The 11th of November, Remembrance Day
Today in class, we were reading an excerpt from “Carrie’s War”. It was written in 1973 by Nina Bawden. It is set during the Second World War and follows the story of two children, Carrie Willow and her younger brother Nick who are evacuated to Wales for the duration of the war. They stay with the bullying shopkeeper Mr Evans and his gentle but weak sister, whom they call “Auntie Lou”. They arrived with a luggage tag on their coats and a little brown suitcase each. We have a replica of one of these suitcases in our school.
After our story, I dusted off our little 1940’s child’s suitcase and all our pupils were dying to see what was inside. It held a cloth satchel, a gas mask, children’s games, money, etc
We looked at an old ration book and an identity card. We discussed how the ration book worked and all about the food shortages.
We read some letters from children evacuates to their parents back in London. The pupils of our school were amazed, first by the hand writing, but most importantly by the content, the news, the love and safe prayers in the letters.
The pupils played with the spinning top and yo-yo. There was also a bag of marbles in the suitcase. They were amazed by the actual gas mask which we have in the suitcase and wanted to know how it worked. Some wanted to put it on.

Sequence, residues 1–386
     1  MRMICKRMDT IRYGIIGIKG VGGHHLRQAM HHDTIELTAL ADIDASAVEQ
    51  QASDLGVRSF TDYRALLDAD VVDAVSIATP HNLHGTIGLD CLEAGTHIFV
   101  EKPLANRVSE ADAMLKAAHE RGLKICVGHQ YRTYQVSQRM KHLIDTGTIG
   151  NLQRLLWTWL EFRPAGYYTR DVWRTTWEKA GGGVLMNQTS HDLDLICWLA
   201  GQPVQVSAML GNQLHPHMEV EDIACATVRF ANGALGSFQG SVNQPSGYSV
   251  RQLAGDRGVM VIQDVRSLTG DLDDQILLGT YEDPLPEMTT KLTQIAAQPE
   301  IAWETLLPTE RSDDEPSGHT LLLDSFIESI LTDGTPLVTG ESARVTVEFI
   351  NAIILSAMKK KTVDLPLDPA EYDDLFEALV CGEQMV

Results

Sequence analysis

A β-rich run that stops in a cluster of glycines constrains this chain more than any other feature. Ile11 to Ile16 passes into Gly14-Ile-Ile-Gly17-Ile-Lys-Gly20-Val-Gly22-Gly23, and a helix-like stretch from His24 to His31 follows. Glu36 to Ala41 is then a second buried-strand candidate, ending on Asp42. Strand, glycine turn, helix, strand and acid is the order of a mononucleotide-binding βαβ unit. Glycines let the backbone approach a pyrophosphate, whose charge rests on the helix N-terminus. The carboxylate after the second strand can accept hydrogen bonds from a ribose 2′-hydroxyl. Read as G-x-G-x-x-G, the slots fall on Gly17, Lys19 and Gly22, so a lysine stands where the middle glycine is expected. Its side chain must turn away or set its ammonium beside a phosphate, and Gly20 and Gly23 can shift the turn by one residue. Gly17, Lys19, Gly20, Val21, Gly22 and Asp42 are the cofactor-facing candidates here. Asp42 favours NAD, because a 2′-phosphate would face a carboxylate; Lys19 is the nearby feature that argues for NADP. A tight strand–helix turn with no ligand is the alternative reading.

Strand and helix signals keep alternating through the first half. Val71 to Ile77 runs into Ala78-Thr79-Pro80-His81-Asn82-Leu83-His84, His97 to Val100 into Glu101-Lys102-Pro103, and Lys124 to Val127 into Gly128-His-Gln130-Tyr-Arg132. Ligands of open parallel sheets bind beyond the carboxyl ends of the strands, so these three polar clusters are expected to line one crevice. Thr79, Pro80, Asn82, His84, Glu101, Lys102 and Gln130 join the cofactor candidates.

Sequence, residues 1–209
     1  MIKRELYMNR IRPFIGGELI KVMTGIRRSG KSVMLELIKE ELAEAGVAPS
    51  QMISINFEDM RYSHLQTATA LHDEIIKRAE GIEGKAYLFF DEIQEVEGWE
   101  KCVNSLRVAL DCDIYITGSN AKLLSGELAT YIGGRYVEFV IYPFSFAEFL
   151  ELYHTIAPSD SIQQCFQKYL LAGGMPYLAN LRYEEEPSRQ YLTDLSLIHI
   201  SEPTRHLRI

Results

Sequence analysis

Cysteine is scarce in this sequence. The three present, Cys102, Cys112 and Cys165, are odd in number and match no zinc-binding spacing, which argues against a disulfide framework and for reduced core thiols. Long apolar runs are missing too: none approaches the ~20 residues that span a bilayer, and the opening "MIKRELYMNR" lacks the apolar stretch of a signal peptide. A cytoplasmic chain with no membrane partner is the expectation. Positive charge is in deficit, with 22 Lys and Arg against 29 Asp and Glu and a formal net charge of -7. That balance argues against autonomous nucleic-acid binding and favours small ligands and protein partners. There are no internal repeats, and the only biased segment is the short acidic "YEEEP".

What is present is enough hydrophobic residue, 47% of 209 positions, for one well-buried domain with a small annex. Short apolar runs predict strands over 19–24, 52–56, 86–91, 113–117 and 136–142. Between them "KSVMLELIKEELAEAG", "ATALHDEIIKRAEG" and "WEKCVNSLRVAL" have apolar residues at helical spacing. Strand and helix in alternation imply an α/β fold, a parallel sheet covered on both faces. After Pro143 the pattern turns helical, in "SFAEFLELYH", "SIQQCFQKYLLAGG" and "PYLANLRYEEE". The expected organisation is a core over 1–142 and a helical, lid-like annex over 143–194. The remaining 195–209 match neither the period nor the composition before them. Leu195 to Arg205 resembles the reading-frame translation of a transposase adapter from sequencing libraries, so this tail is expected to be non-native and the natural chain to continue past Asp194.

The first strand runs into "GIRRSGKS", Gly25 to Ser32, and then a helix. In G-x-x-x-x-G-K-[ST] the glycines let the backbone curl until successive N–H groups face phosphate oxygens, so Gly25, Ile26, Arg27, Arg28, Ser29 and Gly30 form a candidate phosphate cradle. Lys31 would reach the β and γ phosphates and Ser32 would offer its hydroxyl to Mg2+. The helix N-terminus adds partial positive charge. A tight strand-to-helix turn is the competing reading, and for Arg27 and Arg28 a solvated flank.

We continued our lesson about World War 2, learning about the English bomber plane, a Boeing B-17 Flying Fortress, named “Taint a Bird”, which landed in White’s Marsh, just outside Clonakilty, Co. Cork on April 4th 1943. The plane had strayed off course, fuel was running low and it had to make a forced landing. Did you know they actually had to build a mobile runway in the field to get the plane out? The only fatality of the flight was Tojo a little monkey who died soon after landing. Local legend has it, that he was buried behind Donovan’s Hotel in Clonakilty.
Remembrance Day (also known as Poppy Day or Armistice Day) is a memorial day to remember those in the armed forces who have died in the line of duty. Remembrance Day is observed on 11 November to recall the end of hostilities of World War I on that date in 1918
The red remembrance poppy has become a familiar emblem of Remembrance Day. These poppies bloomed across some of the worst battlefields of World War I.
They shall grow not old, as we that are left grow old:
Age shall not weary them, nor the years condemn.
At the going down of the sun and in the morning
We will remember them.